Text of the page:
It’s the time of year where students from all over are entering into a new chapter of life: college. It tends to spark conversation amongst my friends and I, as we reminisce about navigating young adulthood; the balancing act of pursuing a major while playing with the new found freedom of independence. It seems as if college was a positive and impactful time for most.
I didn’t share in that experience.
I spent those four years afraid.
I was afraid of my parents. They were very controlling. They threatened to take me out of school if I didn’t give them my Facebook password and told me they would stop helping pay if I didn’t go to therapy weekly. Sophomore year, they had cut off help and I was no longer allowed to come home for holidays. By senior year, I had little to no contact with them, an excruciatingly painful experience. Their threats instilled a deep fear. I was robbed of a supportive relationship with them and was left questioning my every action in hopes they would not be disappointed or upset.
I was afraid of my friends. I attended a conservative university, one that taught a very narrow and specific way to live. I had more progressive views than many of my peers, and constantly felt the inner push and pull of what I believed and what I was surrounded with. I struggled to keep and maintain close relationships with many, afraid that I would be judged, that I would say the wrong thing, or that I would be looked at as lass than.
I was afraid of my college. My alma mater taught purity culture, a way of inducing shame and fear surrounding sex and sexuality. In an environment that preached strongly against same sex relationships, I suppressed the feelings I had, walking around in fear of being found out. I grew ashamed of my actions, and continued to hide and try to ignore my sexuality.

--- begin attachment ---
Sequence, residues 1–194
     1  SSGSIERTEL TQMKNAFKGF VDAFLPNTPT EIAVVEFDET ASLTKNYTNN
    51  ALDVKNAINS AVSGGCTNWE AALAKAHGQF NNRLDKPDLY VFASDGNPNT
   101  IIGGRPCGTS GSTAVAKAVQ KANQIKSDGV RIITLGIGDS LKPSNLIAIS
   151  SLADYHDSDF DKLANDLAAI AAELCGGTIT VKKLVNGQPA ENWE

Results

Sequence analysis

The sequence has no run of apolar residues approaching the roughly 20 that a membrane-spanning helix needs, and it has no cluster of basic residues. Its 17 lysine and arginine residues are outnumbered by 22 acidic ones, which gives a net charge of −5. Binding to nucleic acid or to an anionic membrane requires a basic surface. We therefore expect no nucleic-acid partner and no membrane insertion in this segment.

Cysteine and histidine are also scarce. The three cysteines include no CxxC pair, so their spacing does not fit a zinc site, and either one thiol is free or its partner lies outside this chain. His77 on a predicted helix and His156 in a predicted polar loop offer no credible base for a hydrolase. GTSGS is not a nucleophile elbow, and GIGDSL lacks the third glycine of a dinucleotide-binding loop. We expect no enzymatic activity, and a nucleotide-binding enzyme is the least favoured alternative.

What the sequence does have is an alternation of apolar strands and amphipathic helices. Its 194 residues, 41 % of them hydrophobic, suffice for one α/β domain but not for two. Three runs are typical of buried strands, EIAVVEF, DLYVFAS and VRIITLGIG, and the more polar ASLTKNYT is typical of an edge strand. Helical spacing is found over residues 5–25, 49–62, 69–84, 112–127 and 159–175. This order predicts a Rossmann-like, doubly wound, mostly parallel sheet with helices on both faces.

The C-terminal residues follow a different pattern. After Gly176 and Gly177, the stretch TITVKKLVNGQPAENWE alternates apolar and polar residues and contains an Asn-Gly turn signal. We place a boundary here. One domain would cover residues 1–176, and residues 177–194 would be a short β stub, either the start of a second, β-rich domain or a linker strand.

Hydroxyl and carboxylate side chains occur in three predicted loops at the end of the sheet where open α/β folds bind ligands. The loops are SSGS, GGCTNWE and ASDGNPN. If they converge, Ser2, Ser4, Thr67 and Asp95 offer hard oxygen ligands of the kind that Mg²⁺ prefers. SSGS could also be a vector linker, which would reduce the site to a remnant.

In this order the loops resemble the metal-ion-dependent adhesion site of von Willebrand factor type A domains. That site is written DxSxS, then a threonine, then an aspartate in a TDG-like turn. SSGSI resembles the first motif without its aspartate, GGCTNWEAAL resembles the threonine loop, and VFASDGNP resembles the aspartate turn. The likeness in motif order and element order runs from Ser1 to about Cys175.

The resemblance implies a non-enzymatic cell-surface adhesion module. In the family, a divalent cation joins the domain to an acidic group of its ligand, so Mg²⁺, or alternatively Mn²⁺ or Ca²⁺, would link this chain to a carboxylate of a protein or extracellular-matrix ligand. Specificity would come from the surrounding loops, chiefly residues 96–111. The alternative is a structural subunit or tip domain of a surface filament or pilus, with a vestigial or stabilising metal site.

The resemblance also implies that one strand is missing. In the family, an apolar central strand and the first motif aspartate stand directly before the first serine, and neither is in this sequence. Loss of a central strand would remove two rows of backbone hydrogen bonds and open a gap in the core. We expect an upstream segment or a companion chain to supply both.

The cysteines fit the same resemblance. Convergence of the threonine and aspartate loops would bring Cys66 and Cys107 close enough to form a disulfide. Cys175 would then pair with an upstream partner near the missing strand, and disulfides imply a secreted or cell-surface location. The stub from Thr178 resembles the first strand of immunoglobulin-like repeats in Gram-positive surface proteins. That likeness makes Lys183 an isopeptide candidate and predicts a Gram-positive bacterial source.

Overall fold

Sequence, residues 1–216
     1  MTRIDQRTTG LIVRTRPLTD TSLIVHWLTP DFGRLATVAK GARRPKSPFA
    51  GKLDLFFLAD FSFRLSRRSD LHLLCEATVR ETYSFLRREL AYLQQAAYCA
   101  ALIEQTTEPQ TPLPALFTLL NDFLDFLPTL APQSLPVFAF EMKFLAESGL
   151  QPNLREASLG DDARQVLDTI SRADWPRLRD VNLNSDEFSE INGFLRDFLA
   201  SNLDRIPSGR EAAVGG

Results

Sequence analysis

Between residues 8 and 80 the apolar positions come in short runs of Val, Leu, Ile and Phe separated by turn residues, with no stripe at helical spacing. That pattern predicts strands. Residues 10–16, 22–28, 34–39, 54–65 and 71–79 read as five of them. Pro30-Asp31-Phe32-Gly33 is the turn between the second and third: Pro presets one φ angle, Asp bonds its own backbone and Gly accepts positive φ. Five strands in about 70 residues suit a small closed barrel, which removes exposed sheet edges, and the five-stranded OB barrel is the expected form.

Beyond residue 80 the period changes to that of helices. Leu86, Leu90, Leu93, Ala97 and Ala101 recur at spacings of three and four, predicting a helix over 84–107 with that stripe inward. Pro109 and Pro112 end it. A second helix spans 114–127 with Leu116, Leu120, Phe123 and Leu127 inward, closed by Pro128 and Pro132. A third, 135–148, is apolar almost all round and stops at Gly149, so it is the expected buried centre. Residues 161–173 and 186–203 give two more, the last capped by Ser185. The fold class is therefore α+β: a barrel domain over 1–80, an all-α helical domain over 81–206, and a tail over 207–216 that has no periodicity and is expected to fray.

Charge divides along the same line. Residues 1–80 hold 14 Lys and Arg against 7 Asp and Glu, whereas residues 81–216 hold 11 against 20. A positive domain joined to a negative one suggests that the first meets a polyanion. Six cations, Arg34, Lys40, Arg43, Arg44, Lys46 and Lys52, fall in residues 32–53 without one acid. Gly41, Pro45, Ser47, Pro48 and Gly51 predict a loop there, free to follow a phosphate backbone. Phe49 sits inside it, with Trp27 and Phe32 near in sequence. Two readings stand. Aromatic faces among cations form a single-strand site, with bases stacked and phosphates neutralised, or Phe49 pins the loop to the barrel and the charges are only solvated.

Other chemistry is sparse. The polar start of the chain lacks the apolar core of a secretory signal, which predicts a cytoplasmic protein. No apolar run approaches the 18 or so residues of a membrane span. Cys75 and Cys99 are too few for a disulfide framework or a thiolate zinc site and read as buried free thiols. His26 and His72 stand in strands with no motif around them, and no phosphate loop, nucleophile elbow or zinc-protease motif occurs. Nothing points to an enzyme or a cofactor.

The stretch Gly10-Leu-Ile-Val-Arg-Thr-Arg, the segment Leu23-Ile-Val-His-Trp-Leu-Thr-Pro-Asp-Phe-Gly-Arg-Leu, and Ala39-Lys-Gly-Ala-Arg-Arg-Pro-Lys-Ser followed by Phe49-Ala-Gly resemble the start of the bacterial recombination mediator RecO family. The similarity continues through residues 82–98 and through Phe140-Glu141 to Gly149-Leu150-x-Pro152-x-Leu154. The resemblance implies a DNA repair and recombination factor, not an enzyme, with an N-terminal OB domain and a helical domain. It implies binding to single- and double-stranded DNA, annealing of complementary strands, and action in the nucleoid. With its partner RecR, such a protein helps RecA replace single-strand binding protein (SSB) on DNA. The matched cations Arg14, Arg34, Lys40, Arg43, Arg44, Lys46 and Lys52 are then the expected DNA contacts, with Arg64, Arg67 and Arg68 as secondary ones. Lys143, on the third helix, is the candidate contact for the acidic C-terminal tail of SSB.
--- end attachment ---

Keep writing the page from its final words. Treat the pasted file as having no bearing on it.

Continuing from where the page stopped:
Those years were straight up hard.
We will all experience rough periods in life. In the depths, it can be isolating and painful. But as those experiences fade, we are left with two choices: regret or growth. Regret keeps us stuck, binding us to the past, reminding us to look at our experiences with anger and disappointment. Growth takes those hard times and forms them into periods of learning and self development, helping us to walk into the future without the weight of past pain.
I’ve chosen to look back at those years from a perspective of growth. I learned that family is not always there for you, but there will be support out there. I embraced a worldview that is accepting and open, knowing that everyone is walking a unique path in life. I was able to let go of people’s judgments and stand my ground, accepting my sexuality, apart from shame and guilt.
We can’t always choose what happens to us, but we do have the choice to decide what to do with it.
Which will you choose?